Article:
Cheap flights to Dublin
Cheapest price to
(from London Heathrow)
fr £ 75.44
Recent searches for return flights to Dublin
Which Airlines Operate Flights To Dublin?
- British Airways
- Aer Lingus
- Air France
How long is the flight to Dublin from UK?
- Direct Flight from London Heathrow to Dublin is about 1 hour 15 minutes.
- Direct Flight from Manchester to Dublin usually is 1 hour 10 minutes long.
- Direct Flights from Birmingham to Dublin are also 1 hour 10 minutes long.
- Direct Flights from London Gatwick to Dublin can be a bit longer. It takes about 1 hour 40 minutes to reach Dublin.
Is there a major international airport in Dublin?
The major airport serving the city of Dublin is obviously, the Dublin International airport (DUB). The airport is the fourteenth busiest airport in Europe and last year was host to 29.5 million passengers. The airport is the headquarters for Aer Lingus and Ryan Air. Dublin Airport developed greatly because of Irelands “Celtic Tiger” economy and the large number of East European migrants that need to commute to parts of Europe regularly.
What is the cheapest time of year to fly to Dublin?
The cheapest time to visit Dublin is in December and January. If you can brave through the Irish winter then visiting Dublin during this time will definitely pay off. However, there are exceptions to this rule; in the holiday week in December, the ticket prices spike but come back down in early January. Cash in on this opportunity to get to Dublin thriftily.
What is the best time to visit Dublin?
The best time to visit Dublin is from June to September. The warmer climate of Dublin in the summer is more welcoming to tourists visiting Ireland for the first time. If you can manage, try to reach Dublin in May, early in the summer. Not only are there a few extra festivals that you can attend in May but you can also evade the crowds that would swell in late June and July.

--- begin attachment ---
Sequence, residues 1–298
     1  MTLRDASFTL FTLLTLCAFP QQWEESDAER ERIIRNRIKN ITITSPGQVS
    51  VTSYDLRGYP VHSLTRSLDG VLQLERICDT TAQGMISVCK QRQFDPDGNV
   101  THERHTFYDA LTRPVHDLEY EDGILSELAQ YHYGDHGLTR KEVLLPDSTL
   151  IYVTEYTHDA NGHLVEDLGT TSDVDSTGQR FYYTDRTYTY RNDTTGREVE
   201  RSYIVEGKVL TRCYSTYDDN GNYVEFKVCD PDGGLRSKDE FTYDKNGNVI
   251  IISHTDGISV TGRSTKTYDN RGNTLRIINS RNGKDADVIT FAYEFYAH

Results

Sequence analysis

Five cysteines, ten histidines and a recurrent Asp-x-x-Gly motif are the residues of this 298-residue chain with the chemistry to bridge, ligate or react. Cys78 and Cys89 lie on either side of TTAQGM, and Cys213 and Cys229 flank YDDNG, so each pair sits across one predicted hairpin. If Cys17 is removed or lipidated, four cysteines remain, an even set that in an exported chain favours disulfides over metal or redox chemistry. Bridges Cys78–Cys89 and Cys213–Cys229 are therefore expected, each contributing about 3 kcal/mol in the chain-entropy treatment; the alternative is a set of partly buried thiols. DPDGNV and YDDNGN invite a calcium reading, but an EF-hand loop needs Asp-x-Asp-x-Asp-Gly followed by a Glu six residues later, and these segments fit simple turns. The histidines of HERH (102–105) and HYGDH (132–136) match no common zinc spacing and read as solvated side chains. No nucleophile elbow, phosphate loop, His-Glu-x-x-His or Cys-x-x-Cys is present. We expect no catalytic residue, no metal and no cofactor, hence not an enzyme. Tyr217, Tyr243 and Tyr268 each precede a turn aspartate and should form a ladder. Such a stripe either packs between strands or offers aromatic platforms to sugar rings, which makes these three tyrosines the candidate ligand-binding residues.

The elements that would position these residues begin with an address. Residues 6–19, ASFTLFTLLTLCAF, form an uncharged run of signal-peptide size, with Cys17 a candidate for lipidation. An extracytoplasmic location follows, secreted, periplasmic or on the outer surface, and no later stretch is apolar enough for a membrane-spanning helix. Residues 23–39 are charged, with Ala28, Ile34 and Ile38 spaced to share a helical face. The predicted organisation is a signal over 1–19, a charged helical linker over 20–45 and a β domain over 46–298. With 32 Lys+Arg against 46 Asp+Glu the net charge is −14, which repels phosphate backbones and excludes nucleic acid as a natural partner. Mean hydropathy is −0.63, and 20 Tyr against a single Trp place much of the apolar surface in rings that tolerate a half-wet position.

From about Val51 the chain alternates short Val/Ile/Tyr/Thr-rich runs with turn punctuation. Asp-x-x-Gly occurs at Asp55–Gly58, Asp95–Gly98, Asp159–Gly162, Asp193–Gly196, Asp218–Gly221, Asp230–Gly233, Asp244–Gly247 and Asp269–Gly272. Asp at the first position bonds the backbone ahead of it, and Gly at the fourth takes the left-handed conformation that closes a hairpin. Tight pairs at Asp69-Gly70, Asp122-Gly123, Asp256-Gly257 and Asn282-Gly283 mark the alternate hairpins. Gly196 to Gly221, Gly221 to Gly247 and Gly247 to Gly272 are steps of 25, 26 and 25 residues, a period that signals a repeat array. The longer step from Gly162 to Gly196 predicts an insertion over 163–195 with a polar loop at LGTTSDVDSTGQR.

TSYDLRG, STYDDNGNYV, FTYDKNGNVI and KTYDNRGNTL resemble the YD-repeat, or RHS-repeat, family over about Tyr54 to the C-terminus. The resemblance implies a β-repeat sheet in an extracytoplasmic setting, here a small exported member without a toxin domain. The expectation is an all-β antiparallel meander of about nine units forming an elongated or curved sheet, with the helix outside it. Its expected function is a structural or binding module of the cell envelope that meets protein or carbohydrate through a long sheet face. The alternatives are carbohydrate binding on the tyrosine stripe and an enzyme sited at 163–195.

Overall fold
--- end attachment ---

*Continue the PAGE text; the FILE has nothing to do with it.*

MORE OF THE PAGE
What are the major landmarks in Dublin?
Dublin was first established in the 7th century by the Vikings. Dublin Castle, which still stands in South Dublin, became the seat of power of the British Crown in 1204. The city saw rapid development and was once the second largest city in the British Empire until the creation of the Irish Free State in 1922.
- Trinity College is the most visited tourist destination in Dublin. The University of Dublin, of which the college is a part of, offers guided tours through the four squares of the university and the old library. The Book of Kells exhibition is also held at the university daily that showcases the Celtic roots of the city. The Old library’s long room is the most awe-inspiring lobby, with an array of antique books shelved on either side of the multileveled hallway.
- The St. Michan's Church was the very first church constructed in Dublin in 1095. The church is said to have been built on a Norse temple and has been open for worship for hundreds of years. The building looks unimpressive from the outside but the interior of the church has been embellished with fine woodwork. The vaults under the church are made of limestone which removes the moisture and has mummified the bodies buried there.
- Dublin Castle is a popular tourist attraction. The Saint Patrick’s Hall in the castle is the oldest room of the building and the most elaborately decorated. The hall is used for presidential inaugurations and to welcome high ranking foreign dignitaries to the Republic of Ireland.
Which events and festivals are celebrated in Dublin?
No one celebrates Saint Patrick’s Day the way Dubliners do. The parties are off the hook and the Irish Guinness is drunk like an essential traditional custom. Dublin celebrates the ‘The Festival of Curiosity’ in July. It is an annual science festival, which brings together the greatest contraptions of science and the curiosity of young minds. The PhotoIreland Festival is conducted in the summer and encourages the participants to capture images of Irish culture and social trends.
What are the transportation options available to tourists within Dublin?
There are many transportation options in Dublin. The government of Ireland has been investing heavily in the Transport 21 plan which has provided Dublin with the expansion of the commuter rail network, DART Dublin Rapid Transit network and the Dublin tram system. Moreover, the state-owned bus network connects different parts of the city where the tram and the Rapid Transit have no reach. Finding your way in Dublin is easy; all you need to know is where you want to go.
Which five star hotels and accommodations are available for stay in Dublin?
There are fine five star hotels in Dublin. Being an embodiment of the Celtic Tiger Economy, Dublin showcases numerous luxury hotels.
- The Westin Dublin
- The Shelbourne Dublin, A Renaissance Hotel
- Dylan Hotel
- Fitzwilliam Hotel Dublin
- InterContinental Dublin